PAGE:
Heathrow at Crossroads in Great Western Franchise Consultation

March 2015

Mention of Heathrow Airport in the 99 page consultation is restricted to details of when Heathrow Connect stopping services will become Crossrail services and an acknowledgement that Access to Heathrow from the West might be possible by 2020; some might argue that the importance of Heathrow as an economic magnet is missed. In reality, the future is best referenced in the London and South East Route Utilisation Strategy (L&SE RUS) published by Network Rail in July 2011. Here the future requirements for peak passenger flows on the Great Western route to/from London lead to a suggestion that Heathrow Express be shunted to the Relief Lines to allow a 20 trains per hour (tph) service on the main (fast) lines, all serving the Thames Valley and beyond instead of Heathrow Airport.

Express to stop?

With the end of the Heathrow Express track access agreement in the timescales of this franchise (2023) and the 2030 vision of the L&SE RUS capacity study, I have some sympathy with the suggestion that Heathrow is served by a 10 tph Crossrail service to Central London. Our research has shown that the London airport markets are reaching a critical tipping point for rail access where the dis-benefit of overcrowding on co-existent commuter corridors is perceived to outweigh the air passenger benefit of dedicated airport train services. One of the advantages of dedicated airport services is that trains are designed for the airport traveller and high speed quality trains can maximise modal share. However, as capacity becomes an issue government strategy moves towards integration of passenger flows; with governments accepting that the downside to the airport passenger is outweighed by the reduction of overcrowding on commuter services. With the Heathrow Express peak demand to/from London reflecting the Thames Valley commuter peak, something has to give.

So can Crossrail step up to the plate and become a proxy rail service for the 6 million travellers who use the Heathrow Express today? If service frequency is achieved in the way that the 10 t.p.h. Crossrail to Heathrow is envisaged in the L&SE RUS, and air passengers have perception of being safe and secure on board, then they are likely to be attracted to the point to point speed of transfer to/from Heathrow and the West End, the City and Canary Wharf; Crossrail provides a sleek alternative to the Paddington interchange arrangements of today. It also resolves the difficulty of serving the Heathrow terminal layout, avoiding the need to change trains to get to Terminal 4 and the Heathrow Connect service, which terminates at Heathrow Central, then apparently runs empty to Terminal 5 station.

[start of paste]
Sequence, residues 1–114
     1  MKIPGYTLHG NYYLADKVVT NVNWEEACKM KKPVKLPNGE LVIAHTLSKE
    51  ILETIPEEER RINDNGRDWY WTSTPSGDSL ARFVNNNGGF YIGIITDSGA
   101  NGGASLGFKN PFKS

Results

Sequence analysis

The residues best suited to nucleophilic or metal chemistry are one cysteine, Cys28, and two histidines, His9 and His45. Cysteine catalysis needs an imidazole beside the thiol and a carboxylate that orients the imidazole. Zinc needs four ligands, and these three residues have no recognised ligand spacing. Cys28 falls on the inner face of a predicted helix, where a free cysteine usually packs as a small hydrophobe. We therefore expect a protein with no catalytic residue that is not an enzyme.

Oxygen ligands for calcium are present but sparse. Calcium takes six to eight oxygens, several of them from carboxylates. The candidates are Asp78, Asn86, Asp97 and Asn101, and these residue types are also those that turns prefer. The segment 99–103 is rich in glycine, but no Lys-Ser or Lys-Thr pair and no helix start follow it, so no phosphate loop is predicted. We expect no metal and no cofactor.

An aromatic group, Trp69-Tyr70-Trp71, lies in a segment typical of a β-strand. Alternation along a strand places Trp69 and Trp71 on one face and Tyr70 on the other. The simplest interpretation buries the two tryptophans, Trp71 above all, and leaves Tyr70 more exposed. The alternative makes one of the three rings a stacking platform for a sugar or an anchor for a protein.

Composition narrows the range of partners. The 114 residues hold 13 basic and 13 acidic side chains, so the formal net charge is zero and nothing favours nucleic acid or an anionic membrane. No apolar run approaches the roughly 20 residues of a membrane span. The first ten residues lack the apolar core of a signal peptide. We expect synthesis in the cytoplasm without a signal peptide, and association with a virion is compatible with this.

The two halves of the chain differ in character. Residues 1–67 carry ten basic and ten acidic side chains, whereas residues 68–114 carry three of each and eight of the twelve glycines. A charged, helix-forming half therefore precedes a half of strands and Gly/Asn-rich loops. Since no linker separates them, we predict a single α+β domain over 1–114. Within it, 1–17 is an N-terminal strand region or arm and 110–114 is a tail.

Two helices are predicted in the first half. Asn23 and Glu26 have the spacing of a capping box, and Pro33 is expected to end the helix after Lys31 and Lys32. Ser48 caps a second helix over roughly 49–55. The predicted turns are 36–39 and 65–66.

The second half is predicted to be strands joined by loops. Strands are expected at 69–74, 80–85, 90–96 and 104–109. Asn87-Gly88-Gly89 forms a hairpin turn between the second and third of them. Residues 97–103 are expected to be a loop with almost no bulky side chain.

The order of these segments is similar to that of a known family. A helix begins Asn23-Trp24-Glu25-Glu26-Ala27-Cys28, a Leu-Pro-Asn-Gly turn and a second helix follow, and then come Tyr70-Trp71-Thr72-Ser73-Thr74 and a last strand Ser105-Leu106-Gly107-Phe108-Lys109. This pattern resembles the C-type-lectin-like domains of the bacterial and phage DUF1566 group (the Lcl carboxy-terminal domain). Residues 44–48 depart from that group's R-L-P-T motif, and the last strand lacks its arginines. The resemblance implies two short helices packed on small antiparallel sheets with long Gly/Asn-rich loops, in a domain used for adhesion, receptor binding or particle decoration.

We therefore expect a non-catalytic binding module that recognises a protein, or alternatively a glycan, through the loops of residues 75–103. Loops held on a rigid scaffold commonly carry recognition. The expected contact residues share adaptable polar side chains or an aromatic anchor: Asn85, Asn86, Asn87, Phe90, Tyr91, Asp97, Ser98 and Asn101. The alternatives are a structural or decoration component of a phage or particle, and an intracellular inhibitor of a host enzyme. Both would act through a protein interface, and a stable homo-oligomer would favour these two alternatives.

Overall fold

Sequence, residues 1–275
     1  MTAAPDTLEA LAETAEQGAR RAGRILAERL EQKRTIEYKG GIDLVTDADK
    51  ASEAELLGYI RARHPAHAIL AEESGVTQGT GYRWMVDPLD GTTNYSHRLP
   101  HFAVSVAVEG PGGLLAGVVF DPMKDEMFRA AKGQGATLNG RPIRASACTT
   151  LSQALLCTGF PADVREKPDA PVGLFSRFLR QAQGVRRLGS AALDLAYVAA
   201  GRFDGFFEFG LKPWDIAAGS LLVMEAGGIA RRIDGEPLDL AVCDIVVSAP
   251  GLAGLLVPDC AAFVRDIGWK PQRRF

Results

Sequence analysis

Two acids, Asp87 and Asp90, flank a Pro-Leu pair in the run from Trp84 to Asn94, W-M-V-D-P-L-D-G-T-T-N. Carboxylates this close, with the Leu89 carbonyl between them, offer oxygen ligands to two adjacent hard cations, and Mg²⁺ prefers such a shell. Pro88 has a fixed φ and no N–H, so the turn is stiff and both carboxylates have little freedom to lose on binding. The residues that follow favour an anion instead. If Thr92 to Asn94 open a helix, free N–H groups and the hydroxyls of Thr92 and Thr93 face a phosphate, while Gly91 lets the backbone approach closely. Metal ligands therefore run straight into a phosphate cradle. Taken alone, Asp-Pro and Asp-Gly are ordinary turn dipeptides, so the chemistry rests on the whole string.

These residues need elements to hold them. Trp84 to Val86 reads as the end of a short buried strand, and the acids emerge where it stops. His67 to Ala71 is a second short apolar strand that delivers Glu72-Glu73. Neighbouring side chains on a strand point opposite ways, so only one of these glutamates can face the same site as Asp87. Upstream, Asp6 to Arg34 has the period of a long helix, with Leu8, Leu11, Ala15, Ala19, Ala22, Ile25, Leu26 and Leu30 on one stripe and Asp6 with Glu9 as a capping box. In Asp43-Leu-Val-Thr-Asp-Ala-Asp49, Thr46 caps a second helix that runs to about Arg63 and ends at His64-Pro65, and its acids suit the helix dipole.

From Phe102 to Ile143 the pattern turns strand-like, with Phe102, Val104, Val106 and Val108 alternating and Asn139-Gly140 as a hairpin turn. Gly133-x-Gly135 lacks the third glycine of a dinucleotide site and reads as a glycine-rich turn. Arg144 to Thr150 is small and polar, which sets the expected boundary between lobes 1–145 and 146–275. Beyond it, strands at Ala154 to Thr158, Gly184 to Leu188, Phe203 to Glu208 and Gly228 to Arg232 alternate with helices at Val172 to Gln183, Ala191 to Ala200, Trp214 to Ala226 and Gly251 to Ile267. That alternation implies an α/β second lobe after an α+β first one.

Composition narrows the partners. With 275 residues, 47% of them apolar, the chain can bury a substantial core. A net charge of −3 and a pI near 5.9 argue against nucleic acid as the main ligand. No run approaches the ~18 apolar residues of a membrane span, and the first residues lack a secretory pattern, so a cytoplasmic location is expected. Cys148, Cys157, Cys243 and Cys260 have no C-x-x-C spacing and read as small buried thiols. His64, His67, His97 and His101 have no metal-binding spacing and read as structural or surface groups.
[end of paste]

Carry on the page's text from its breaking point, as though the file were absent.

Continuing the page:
Western access benefits?

Franchise bidders should also consider carefully the Western Access to Heathrow and how the passenger market might react to that. Journey times of 9 minutes to Slough and 28 minutes to Reading sound attractive but the Heathrow air passenger market outside of inner/outer London origin & destination is dispersed widely.

It also seems unlikely that any journey time extension for long distance high speed trains re-routed via Heathrow will be acceptable, so some form of shuttle service serving Reading as an interchange seems likely. For this to create a modal shift, ‘turn up and go’ frequencies would be required; it will also need to appeal to non-air passengers to improve volumes over and above today’s sparsely used rail-air coach service from Reading to Heathrow. The compromise to make any service economically viable may not suit the air traveller.

The airport worker market offers potential for volume if not yield but on a railway that has generous closures for engineering works they are unlikely to change their travel habits. Unless a 7 day per week timetable is offered with start and finish times that suit the range of shifts, they are unlikely to give up their season tickets on more reliable bus services to Heathrow, or the convenience of driving from home to the airport staff car park. Heathrow Connect, with its poor weekend service and 30 minute service frequency at best, is testimony to poor take-up by airport workers where their needs are not met.

Debate yet to happen

In summary, it seems likely that the form of surface access to Heathrow will change radically during the life of the next Great Western Franchise. The consultation is light on detail and questions about how surface access to the growing 70 million passengers per annum Heathrow Airport will be addressed in the long term. No doubt consultees will have much to say on the subject and bidders will have much to consider.